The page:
"The Chess Master and the Computer," by Gary Kasparov, New York Review of Books, February 2010

"After Winning Jeopardy, What's Next for IBM's Watson? Healthcare," ReadWriteWeb (online), February 17, 2011


Urban Knitting Shows up on the Wofford Campus

From the deputydog blog, a definition of urban knitting: the world's most inoffensive graffiti.

From the CROOKED BRAINS blog: Urban knitting is decorating the city and its monuments in an original way...

Right about the time Interim ended, the Wofford mascot found himself clothed in the warmest and most beautiful hand-knitted scarf. There are rumors about where this beautiful artifact came from, but nothing I can report. I think it's the first instance of urban knitting to appear on the campus since its inception.



World Politics Review Trial

The library has trial access to World Politics Review through April 10, 2011.  Here is a brief description of this resource from the publisher:

World Politics Review is an online publication and resource for foreign policy professionals working primarily within government, military, academia, intelligence and diplomacy, as well as academic researchers with a serious interest in international relations, foreign affairs, world politics and geostrategy. Updated daily, this resource publishes international affairs analysis that provides in-depth background material on global issues that are not deeply covered by mainstream media sources.

World Politics Review covers topics of key relevance to foreign policy, international politics, and foreign affairs. These include the following:

* Aid and Development
* Crime
* Culture
* Defense and Military
* Domestic Politics
* Economics and Business
* Homeland Security
* Human Rights
* International Law
* Political Theory
* Public Diplomacy and Propaganda
* Terrorism
* U.S. Foreign Policy
* War and Conflict
* Weapons of Mass Destruction
* And many more...


HyperCities Egypt - Voices from Cairo through Social Media

This is a pretty darn cool digital humanities project out of UCLA:
"HyperCities Egypt" streams and then archives tweets from protesters in Cairo who are taking part in the pro-democracy push that has captured the world's imagination since Jan. 25.

"You just let the program run, and you almost feel like you're there," explained Yoh Kawano, a member of the UCLA Center for Digital Humanities program, who built the program's interface. "It collects tweets live from Cairo and displays them in real time on a map."

Subtitled "Voices from Cairo through Social Media," the program displays a new tweet every four seconds over a digital map of Egypt's capital. Because it gathers tweets from those who have enabled Twitter's "add location" function, the program also maps the precise location in Cairo from which they were sent. And the Twitter users' avatars — often photos of the protesters themselves — accompany the poignant messages, providing a moving immediacy to the experience.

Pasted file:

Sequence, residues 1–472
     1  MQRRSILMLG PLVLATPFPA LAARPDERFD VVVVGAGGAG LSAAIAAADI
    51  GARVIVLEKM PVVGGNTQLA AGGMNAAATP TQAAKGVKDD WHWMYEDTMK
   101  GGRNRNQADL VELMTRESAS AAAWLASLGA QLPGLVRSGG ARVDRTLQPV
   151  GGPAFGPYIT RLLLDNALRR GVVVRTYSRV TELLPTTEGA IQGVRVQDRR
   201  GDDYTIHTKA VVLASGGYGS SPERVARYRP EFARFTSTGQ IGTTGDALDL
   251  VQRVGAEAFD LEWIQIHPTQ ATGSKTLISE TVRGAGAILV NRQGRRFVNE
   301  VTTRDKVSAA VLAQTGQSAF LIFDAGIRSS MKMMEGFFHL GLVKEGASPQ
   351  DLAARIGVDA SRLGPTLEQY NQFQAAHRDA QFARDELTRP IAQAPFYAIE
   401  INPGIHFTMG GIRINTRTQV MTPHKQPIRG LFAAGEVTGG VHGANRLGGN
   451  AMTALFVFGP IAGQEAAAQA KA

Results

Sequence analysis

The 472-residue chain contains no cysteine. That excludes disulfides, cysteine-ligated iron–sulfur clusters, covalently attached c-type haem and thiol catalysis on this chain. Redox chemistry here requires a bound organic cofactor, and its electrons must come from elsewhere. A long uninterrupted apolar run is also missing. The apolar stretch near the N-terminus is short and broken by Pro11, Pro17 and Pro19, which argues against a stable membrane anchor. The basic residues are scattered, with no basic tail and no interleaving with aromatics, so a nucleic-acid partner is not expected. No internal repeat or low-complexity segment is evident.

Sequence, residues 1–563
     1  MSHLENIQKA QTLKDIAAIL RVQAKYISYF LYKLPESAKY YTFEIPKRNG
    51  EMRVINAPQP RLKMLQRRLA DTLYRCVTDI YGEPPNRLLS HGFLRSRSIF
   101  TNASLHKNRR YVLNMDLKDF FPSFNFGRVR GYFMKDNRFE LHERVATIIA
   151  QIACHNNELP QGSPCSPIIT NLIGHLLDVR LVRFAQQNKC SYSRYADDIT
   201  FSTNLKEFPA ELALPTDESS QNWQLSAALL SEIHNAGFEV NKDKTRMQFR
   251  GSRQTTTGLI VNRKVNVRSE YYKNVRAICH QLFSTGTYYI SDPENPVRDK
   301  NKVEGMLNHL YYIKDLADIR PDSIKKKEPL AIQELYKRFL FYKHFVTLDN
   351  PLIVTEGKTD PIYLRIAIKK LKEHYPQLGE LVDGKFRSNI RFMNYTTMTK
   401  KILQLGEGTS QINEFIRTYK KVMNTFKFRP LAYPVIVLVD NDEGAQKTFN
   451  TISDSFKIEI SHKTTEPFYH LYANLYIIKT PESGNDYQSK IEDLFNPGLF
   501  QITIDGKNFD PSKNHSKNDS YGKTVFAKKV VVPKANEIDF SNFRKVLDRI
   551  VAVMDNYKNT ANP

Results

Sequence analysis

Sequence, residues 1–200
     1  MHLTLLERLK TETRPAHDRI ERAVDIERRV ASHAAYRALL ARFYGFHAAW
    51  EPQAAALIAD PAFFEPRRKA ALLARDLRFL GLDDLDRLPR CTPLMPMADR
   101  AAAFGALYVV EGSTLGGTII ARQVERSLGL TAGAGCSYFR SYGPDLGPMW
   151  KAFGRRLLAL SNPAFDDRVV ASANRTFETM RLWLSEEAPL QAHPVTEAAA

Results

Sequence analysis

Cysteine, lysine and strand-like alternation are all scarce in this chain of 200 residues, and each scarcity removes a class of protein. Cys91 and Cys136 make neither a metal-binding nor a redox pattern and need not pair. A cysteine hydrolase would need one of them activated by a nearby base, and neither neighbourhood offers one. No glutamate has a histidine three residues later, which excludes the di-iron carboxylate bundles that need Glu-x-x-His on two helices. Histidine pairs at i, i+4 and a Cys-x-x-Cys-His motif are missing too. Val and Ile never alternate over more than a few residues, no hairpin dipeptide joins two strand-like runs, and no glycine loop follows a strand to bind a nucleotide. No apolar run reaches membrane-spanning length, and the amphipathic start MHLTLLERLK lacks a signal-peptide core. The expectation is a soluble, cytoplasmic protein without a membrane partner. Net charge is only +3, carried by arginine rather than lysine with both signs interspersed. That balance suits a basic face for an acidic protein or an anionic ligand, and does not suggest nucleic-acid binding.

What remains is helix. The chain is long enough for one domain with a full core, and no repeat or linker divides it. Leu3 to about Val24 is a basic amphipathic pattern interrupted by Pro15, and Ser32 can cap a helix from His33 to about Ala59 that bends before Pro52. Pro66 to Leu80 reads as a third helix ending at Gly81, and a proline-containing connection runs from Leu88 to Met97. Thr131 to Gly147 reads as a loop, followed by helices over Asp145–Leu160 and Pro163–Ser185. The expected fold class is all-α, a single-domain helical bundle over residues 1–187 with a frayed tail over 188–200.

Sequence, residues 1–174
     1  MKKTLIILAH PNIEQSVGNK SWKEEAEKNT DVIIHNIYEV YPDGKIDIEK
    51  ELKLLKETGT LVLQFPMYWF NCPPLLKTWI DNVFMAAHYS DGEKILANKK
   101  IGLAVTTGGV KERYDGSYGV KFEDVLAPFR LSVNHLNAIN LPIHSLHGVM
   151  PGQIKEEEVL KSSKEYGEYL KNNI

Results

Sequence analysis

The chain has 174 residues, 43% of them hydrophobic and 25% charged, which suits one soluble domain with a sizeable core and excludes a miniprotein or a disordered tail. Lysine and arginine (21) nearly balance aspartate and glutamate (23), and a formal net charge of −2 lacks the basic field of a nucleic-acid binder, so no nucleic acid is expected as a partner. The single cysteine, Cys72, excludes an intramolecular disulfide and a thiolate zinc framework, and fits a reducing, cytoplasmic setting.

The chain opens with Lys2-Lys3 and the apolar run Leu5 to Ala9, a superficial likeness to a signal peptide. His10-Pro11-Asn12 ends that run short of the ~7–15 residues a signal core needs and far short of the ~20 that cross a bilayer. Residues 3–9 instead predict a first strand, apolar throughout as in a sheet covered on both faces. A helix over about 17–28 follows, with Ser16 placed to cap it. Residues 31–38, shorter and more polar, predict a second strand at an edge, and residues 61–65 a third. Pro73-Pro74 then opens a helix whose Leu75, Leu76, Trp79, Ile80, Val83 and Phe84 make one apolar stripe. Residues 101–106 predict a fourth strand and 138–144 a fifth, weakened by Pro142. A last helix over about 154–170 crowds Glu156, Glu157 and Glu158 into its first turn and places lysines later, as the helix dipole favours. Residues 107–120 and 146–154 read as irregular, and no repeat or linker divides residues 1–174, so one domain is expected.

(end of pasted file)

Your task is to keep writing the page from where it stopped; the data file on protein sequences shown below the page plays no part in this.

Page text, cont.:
(Via Resource Shelf.)


Facebook Privacy: 10 Settings Every User Needs to Know

Mashable! the technology blog posted a reminder about the 10 privacy settings every Facebook user should know and understand. The short list is:

1) Sharing on Facebook
2) Existing Photos
3) Checking into Places
4) Connecting on Facebook
5) Apps You Use
6) Instant Personalization
7) Info Accessible to your Friends
8) Public Search
9) Friends Lists
10) Enabling HTTPS

Protect yourself by making informed choices about the information you share. Follow the link to the full article: Facebook Privacy

from Mashable!

Crawford Exhibition in the Mary Chapman Gallery, Campus Life Building at Wofford College

Craig Crawford of Lexington County, SC holds the BFA from the University of South Carolina and for the past ten years has been president of Crawford Conservation, active as a painting conservator, and lecturer on art preservation. He has exhibited his own paintings widely, primarily in the Charleston area. His work is representational, yet he creates atmospheric spaces that suggest mystery in the commonplace.

The exhibition runs from January 25th through March 25th in the Martha Chapman Gallery . For more information, call 864.597.4300.

Gmail Priority Inbox

Do you get lots of email? Gmail has introduced this new "priority inbox" feature that you can train to sort the important from the less important. I've been using it for a couple weeks and am finding it really useful.

(And don't worry, if you'd rather use the standard inbox, you still can even after activating the priority feature.)

Google's Art Project

Last week, Google announced its new Art Project, which allows online visitors to tour the galleries and collections of 17 major art museums from around the world.  Here's a description of the project from the Official Google Blog:

"You’ll find a selection of super high-resolution images of famous works of art as well as more than a thousand other images, by more than 400 artists—all in one place. And with Street View technology, you can take a virtual tour inside 17 of the world’s most acclaimed art museums, including The Metropolitan Museum of Art and MoMA in New York, The State Hermitage Museum in St. Petersburg, Tate Britain & The National Gallery in London, Museo Reina Sofia in Madrid, the Uffizi Gallery in Florence and Van Gogh Museum in Amsterdam."

Visit Google's Art Project


Library Schedule for the End of Interim

Wednesday is the last day of Interim and the Library will be operating on a reduced schedule until the Spring Semester begins on Monday, February 7.  Here are our hours for the next several days:

Wednesday, Feb 2:  8am - 5pm
Thursday, Feb 3:  8:30am - 5pm
Friday, Feb 4:  8:30am - 5pm
Saturday, Feb 5:  Closed
Sunday, Feb 6:  Closed
Monday, Feb 7:  Resume regular hours